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ST. LOUIS — How much impact can one game have on a desperate, fragile-looking team that could no longer afford just a motivational victory?
A lot, apparently.
“We’re in a great position. We won (Sunday) night and we played one hell of a game. So we’ve got to find a way to keep that going,” Winnipeg Jets forward Nikolaj Ehlers said Monday as his team gathered for video review and an optional skate ahead of tonight’s Game 4 against the St. Louis Blues.
Yes, a dominating 6-3 win in Game 3 of the NHL teams’ first-round playoff series certainly had spirits high inthe locker room, and the Jets know a repeat performance can wrestle home-ice advantage away from the Blues. Not that it’s been any kind of a factor, considering the road team has won each game.
The Jets didn’t hate their first two games, both one-goal losses in which they held leads at various points. But they really liked Sunday’s effort, which included figuring out a way to get the puck past rookie goalie Jordan Binnington.
“He still played really good. You look at that first period and some of the saves he made, we could definitely have had a lead after the first. It’s just one game. From everything we’ve seen, there’s not a lot of cracks in his game. We did a good job when he did make those saves. We kept positive, knowing if we threw more at him eventually something was going to go in. And we found some cracks,” said veteran centre Bryan Little.
Now the burning question is whether Binnington and the Blues can quickly patch things up.
“We played well. We shot as much as we could, and that’s something we’ve got to keep doing. We scored six goals, now we’ve got to go out and do that again. I’m excited and looking forward to that challenge,” said Ehlers, who is still looking for the first playoff goal of his career. He has been blanked in 18 games over the past two springs.
Jets head coach Paul Maurice is expecting a strong response from the Blues.
“Just handle your day. We’ve had that as a theme for quite some time in Winnipeg. We liked the game and we’ll leave it there. We’ve got a day today to reinforce the things that we liked on video and there are some areas that we want to be sharper at — and then rest and do the things to get yourself prepped for tomorrow. Nobody is high-fiving anybody in the room. It’s done,” he said.
“There’s the danger, right? You get all excited about yourself and find out there was a gear missing maybe on the other side… There’s not that much magic out there, the game’s fairly simple. We were a little better than they were (Sunday) night. They were a little better than we were for the first two.”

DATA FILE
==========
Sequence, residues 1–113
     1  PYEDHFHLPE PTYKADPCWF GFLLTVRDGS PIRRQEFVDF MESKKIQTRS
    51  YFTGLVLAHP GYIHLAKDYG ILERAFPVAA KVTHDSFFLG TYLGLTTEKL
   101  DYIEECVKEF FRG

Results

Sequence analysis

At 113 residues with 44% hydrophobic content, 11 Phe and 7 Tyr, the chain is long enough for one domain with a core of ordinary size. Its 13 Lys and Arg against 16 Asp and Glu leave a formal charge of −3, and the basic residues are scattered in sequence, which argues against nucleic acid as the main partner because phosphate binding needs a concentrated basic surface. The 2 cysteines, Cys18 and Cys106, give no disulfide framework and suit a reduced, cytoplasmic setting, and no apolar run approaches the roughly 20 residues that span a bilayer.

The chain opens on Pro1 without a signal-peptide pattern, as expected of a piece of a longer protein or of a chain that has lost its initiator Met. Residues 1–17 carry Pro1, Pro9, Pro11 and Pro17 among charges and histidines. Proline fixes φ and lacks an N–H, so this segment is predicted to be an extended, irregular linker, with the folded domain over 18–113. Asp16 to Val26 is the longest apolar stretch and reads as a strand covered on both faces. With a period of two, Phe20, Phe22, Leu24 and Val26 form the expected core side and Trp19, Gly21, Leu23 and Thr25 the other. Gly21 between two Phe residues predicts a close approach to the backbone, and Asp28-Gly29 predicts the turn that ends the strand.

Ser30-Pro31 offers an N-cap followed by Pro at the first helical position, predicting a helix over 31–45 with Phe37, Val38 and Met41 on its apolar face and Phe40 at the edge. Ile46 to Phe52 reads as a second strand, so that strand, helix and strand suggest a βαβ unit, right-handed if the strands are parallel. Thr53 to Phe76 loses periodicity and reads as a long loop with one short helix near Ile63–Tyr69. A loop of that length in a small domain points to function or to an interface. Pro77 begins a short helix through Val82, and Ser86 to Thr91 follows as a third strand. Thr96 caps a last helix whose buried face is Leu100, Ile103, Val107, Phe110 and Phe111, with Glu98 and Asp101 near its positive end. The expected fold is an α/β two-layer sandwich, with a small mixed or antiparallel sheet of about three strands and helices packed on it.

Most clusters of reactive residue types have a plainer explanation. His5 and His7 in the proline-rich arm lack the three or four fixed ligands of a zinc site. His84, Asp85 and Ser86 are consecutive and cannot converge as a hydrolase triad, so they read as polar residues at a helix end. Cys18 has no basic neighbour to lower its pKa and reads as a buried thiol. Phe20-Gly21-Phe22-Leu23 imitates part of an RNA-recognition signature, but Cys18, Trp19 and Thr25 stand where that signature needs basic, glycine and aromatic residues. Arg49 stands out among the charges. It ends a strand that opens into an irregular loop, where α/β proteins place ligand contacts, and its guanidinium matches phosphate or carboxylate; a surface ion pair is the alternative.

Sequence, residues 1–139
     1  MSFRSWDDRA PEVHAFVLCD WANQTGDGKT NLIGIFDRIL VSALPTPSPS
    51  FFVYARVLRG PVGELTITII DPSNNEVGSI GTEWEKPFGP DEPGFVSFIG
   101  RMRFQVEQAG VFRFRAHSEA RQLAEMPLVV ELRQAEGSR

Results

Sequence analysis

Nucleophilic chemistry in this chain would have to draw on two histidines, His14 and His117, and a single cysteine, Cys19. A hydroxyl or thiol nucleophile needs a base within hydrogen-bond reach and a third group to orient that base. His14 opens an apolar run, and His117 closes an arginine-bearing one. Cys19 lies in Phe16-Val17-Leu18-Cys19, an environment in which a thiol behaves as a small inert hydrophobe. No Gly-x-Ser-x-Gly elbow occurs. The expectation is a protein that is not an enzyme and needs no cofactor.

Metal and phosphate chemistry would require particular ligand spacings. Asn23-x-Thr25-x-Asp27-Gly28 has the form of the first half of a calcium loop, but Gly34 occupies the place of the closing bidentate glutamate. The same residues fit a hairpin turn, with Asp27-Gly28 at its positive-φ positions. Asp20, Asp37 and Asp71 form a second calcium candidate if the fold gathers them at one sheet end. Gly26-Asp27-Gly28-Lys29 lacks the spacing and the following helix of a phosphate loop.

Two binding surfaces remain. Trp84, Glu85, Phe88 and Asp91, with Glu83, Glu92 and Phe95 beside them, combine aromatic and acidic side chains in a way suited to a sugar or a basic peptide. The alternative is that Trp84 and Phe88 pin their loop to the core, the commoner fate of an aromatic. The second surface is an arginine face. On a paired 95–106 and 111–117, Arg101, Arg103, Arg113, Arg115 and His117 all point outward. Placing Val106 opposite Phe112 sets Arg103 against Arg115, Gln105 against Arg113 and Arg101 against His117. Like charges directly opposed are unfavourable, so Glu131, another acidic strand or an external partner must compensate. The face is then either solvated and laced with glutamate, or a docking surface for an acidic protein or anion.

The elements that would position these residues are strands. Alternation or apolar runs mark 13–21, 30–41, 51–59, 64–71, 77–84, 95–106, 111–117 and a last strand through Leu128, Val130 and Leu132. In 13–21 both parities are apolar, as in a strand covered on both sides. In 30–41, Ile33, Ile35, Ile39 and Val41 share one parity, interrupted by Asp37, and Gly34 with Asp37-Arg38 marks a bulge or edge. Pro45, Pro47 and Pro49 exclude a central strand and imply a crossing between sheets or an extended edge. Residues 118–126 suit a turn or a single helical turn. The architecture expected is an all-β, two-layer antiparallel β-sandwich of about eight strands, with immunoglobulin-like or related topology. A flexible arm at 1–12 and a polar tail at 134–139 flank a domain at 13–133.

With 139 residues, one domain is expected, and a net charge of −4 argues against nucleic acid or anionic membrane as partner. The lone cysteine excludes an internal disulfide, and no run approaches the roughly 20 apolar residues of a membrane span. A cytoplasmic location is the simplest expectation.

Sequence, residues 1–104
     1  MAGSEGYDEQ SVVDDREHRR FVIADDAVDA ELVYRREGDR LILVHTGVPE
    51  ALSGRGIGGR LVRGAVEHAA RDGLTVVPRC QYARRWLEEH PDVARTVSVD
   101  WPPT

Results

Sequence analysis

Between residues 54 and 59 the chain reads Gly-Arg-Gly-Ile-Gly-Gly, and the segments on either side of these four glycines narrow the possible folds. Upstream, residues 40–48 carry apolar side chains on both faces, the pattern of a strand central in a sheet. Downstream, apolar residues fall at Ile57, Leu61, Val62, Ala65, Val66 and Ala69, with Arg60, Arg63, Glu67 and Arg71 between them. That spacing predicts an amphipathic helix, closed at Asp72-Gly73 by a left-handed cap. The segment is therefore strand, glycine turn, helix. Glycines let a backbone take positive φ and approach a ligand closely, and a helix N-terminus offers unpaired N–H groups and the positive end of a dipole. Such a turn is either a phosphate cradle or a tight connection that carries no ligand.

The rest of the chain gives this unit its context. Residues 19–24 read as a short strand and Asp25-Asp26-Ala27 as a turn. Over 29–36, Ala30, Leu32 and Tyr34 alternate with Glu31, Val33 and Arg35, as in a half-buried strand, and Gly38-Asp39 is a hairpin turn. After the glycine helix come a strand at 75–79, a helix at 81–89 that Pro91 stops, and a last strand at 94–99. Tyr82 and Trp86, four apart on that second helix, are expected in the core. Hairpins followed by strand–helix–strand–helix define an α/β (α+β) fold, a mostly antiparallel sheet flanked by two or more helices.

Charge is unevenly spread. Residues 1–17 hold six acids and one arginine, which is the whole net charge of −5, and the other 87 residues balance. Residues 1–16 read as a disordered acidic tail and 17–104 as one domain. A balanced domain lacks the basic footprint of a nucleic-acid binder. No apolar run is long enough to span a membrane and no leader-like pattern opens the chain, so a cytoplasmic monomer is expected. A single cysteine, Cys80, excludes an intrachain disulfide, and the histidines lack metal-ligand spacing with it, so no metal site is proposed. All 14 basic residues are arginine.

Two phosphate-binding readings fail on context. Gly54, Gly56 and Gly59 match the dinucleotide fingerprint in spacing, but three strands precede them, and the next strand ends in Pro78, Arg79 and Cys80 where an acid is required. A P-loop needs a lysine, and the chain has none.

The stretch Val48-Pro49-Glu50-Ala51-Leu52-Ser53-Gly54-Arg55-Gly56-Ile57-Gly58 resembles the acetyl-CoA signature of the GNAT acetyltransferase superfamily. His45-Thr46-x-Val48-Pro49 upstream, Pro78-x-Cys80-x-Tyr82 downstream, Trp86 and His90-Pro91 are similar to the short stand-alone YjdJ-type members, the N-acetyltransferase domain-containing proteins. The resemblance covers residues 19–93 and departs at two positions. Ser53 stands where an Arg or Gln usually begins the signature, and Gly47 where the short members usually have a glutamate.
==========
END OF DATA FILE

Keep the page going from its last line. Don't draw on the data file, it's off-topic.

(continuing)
The Jets were a desperate bunch in Game 3 and played like it, flying out of the gate in one of the team’s stronger first periods in recent memory. Despite trailing 1-0, that carried over to the middle frame when they pulled away with three quick goals.
Little said the key now is to try to duplicate that emotion. There’s a huge difference between a 2-2 series, with two of the last three games at Bell MTS Place, or a 3-1 deficit where the Jets would have to win three straight games with their season on the line and no room for error.
“It feels like whenever we have a big game or whenever we know we need a big win, our team steps up and plays well. Right from puck drop (Sunday) night, we were really focused in on what we had to do. We knew we had to play a big game. And we know we’re going to have to do the same thing (Tuesday),” Little said.
The Jets are winning the special-teams battle so far, killing off 10 of 12 penalties while scoring three power-play goals of their own. They’ve also kept the Blues’ top line mostly in check, as Ryan O’ Reilly, Vladimir Tarasenko and Brayden Schenn have combined for two goals and no assists. O’Reilly’s goal, however, was the Game 2 winner in the third period.
The physicality is increasing with each game, along with the post-whistle scrums. Jets defenceman Dustin Byfuglien, who has been a big factor in every game, appeared to try to remove Binnington’s helmet during one skirmish. That prompted Schenn to throw a few right hands in the direction of No. 33’s head.
Safe to say the mutual dislike is ramping up.
“Two competitive teams in a tight series. That does increase, until there’s a cost to it. We had been good on our PK up until (Sunday) night (The Blues went 2-for-5 after starting off 0-for-7),” Maurice said.
“We had some clears we need to be effective with. Our power play’s pretty good. It picks up just with the intensity. Playoff series build rivalries… But neither team wants to cross that line. The cost of it’s too great.”
The Jets made one roster addition on Monday, calling up Eric Comrie from the Manitoba Moose to serve as a third goaltender for the rest of the playoffs. The Moose were eliminated from playoff contention on the weekend and ended their season with a 6-2 win against the Wolves on Sunday in Chicago.
Mike McIntyre grew up wanting to be a professional wrestler. But when that dream fizzled, he put all his brawn into becoming a professional writer.